Understanding Green Purchase Behavior: College Students and Socialization Agents

By Yan, Ruoh-Nan; Xu, Huimin | Journal of Family and Consumer Sciences, Spring 2010 | Go to article overview

Understanding Green Purchase Behavior: College Students and Socialization Agents


Yan, Ruoh-Nan, Xu, Huimin, Journal of Family and Consumer Sciences


Taking the perspective of consumer socialization theory, this study examined the influences of different socialization agents on consumers' purchases of green products. A total of 224 surveys were distributed to students enrolled in a business-related course at a major university in the northeastern United States. The objectives were twofold. The first was to determine the extent to which family communication affected the influence of parents on participants' green purchase behaviors. The second was to assess, through application of the theory of consumer socialization, the impact of socialization agents on green purchases. Findings showed that students reported more parental influence when their parents communicated more frequently with them regarding specific green behaviors such as buying green products and recycling. The findings also supported the theory of consumer socialization in understanding green purchase behaviors. The three socialization agents identified as influencing such behaviors were family/parents, school, and peers.

A growing number of consumers in the United States are becoming more environmentally responsible in their lifestyles, including consumption behaviors. According to a recent survey on consumer auto purchases, almost 20% of respondents who reported that they had bought a new car or truck in the previous 6 months indicated that they had considered a green vehicle or had actually bought a vehicle they believed to be more green (Connelly, 2008). With lifestyle changes come different buying behaviors, including purchasing goods and services that help reduce negative effects on the environment. Lee (2009) defined green purchasing behavior as consumption of products that are beneficial to the environment, recyclable or conservable, and responsive to ecological concerns. Examples of goods and services that are biodegradable are household cleaning products, energy-efficient light bulbs, organic food, apparel products manufactured in an environmentally sound manner, and public transportation (as opposed to driving a car).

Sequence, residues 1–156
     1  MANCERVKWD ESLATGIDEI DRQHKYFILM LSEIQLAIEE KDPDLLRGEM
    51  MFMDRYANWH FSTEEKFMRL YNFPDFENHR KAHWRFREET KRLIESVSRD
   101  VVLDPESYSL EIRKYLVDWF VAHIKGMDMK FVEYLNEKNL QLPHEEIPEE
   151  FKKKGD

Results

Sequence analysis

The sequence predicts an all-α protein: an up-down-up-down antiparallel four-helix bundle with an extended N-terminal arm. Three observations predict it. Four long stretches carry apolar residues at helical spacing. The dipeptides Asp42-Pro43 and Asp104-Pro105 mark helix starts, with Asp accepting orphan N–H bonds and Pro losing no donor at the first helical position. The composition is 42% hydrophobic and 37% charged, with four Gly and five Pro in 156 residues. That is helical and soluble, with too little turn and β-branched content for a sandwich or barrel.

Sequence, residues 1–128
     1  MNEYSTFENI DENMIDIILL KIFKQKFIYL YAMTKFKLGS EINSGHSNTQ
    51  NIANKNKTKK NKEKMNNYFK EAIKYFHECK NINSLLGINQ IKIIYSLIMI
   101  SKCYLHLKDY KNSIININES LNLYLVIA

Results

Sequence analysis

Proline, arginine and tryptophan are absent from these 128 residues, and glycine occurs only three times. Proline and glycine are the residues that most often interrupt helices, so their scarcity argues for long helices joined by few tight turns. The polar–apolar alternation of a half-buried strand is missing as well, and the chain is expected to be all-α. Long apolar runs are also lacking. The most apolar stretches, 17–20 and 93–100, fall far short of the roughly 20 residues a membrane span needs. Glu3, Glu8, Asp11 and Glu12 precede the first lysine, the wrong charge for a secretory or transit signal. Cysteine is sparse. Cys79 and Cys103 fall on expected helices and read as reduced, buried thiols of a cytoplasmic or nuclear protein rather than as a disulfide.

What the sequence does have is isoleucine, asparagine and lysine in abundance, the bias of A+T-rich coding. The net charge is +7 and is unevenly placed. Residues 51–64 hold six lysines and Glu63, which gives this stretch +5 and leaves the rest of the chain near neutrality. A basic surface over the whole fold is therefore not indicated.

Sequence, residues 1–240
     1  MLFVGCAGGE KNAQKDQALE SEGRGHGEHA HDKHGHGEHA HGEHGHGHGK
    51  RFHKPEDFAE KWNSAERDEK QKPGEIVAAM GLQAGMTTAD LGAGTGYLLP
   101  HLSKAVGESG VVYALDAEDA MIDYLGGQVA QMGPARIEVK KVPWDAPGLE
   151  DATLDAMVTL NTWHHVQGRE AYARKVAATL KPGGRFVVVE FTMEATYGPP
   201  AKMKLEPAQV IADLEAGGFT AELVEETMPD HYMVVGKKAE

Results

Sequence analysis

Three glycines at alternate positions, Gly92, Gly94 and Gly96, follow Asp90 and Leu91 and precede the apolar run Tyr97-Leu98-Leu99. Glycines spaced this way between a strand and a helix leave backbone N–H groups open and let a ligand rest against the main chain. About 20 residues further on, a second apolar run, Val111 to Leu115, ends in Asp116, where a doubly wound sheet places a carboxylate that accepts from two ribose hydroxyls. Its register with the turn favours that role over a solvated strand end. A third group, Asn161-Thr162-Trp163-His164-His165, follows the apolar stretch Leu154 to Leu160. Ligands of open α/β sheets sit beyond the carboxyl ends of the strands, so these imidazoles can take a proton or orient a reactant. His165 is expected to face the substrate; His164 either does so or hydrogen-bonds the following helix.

Green purchase behavior is complex because consumers' motivations to engage in this behavior can be diverse, as suggested by Yan and Chang (2008). Although many consumers report concerns for the environment and future generations as the major reasons for their involvement in green purchases, they also may be motivated by potential economic benefits such as receiving refunds when recycling glass bottles or spending less on gas through the purchase of a hybrid car. Although green consumption may result in financial gain over the long run, green products are often priced higher than traditional, common products that have been available in the marketplace for years. Consumers have to weigh the pros (e.g., being environmentally friendly, gaining economic benefits) and cons (e.g., higher prices) before buying green products. The complex characteristics of this emerging phenomenon have drawn attention from consumer researchers seeking to better understand green purchasing behavior.

Research on green consumerism, sustainable consumption, and environmentally responsible behavior has been conducted among different consumer groups in different countries. Pepper, Jackson, and Uzzell (2009) took a motivational approach to study how individual values (e.g., materialism vs. prosocial values) shape socially conscious consumer behavior, and other researchers have investigated the roles of demographic characteristics and psychographic variables (e.g., consumer knowledge and environmental concern) in predicting environmentally responsible behavior, including green purchases (Lee, 2009; Mostafa, 2007). In addition, social influence has been acknowledged as an antecedent of sustainable consumption (Briceno & Stagi, 2006; Murnane, 2008). Little empirical research has specifically examined how various socialization agents exert influence on green purchase behavior.

The influence of socialization agents (e. …

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